Put on your blinders to succeed on the USMLE Step 1

The rumors and details you will overhear about your classmates’ studying will shock you. They can stun even the most conscientious student with pangs of worry and feelings of inadequacy.

“Did you hear about Caroline?” they’ll say. “She already made 3 passes through First Aid and is already starting her 4th, and she also did UWorld twice.”

“Yup, I just finished my second pass through cardio, neuro, and renal. Since we have 7 weeks to go I figure I’ll finish Kaplan’s q-bank and do UWorld again, then see how I do on my 5th NBME practice test.”

The examples above are merely generalities about studying “achievements.” If you start talking about the details of—say—renal pathology, antiarrhythmics, or glycogen storage disorders, your buddies might be spouting off answers from memory while you wonder how you got so far behind (and how to spell “antiarrhythmics”).

Hearing these statements from seemingly superhuman classmates who are abusing First Aid can make you feel like your competition is running circles around you, and make you think you’re way behind. That’s why I found it best to “put my blinders on” while preparing for Step 1.

Often, the student who sound like they’ve studied extensively (the “multiple passes after only 3 weeks” folks) are overly focused on First Aid to the exclusion of better resources. They may have developed a destructive First Aid addiction early-on, forgoing their deeper course readings for First Aid‘s superficial outline. If they claim to have gone through UWorld multiple times, they may have sped through it without reviewing questions they got wrong and without reading the explanations carefully.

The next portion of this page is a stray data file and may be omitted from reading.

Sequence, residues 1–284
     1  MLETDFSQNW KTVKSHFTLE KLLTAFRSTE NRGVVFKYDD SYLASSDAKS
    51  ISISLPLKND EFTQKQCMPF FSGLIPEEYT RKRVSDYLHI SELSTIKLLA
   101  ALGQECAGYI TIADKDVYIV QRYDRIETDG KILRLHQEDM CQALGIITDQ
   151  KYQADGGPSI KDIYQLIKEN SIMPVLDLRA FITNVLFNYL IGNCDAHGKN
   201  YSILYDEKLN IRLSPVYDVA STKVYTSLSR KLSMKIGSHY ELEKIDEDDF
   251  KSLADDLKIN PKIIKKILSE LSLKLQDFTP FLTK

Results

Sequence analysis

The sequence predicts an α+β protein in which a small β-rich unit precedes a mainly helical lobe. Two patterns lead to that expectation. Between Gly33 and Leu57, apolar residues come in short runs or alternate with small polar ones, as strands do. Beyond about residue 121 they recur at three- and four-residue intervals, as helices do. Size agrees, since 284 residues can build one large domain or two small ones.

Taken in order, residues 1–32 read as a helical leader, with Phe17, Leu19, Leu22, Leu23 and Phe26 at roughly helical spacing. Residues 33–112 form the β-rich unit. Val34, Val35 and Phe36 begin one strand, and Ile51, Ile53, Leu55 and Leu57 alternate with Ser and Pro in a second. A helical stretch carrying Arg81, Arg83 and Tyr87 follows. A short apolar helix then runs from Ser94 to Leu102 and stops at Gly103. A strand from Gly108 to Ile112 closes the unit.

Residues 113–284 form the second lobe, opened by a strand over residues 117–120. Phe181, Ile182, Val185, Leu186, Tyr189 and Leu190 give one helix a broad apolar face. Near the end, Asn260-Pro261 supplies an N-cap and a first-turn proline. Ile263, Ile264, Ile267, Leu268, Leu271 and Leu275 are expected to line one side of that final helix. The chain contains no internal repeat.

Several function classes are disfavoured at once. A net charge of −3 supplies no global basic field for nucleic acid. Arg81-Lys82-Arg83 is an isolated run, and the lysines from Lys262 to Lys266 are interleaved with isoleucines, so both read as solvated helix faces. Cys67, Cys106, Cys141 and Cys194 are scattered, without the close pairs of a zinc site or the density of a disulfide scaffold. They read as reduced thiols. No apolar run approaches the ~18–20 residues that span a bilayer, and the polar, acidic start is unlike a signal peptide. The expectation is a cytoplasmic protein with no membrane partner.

The advice you receive from this blog (assuming you have similar study habits so it will work for you) will guide you towards a better score. Further, in the long run, if you follow this advice, you will be better prepared for your clerkships with a deeper, more conceptual understanding of the material based on your readings of multiple sources (as compared to some of your “memorization junkie” classmates).

It’s absolutely essential that you have a study plan tailored for what works for you. The anonymous student who received a 260 and gives advice on the Surviving Medicine podcast ([pending] blog post: link; actual podcast: link) reiterates this point several times. Most students heed this advice and tailor a study plan. You classmates are following their own plans. Listening to their patter as they work through their plan is irrelevant. Until test day (and perhaps even on test day!), they will continue to have large gaps in their knowledge. Puffed-up classmates may not show these knowledge gaps as they spout off the material they’ve already conquered; it’s easy to mislead yourself into thinking they have no weaknesses. There’s no need to feel inadequate when they seem to have all the answers. I recommend avoiding the subject of boards prep with friends unless you really think you have some wisdom to gain from them (or you have something to get off your chest). Talk about anything else!

tl;dr—Have your own plan and ignore what your classmates are bragging about as you prep for Step 1.

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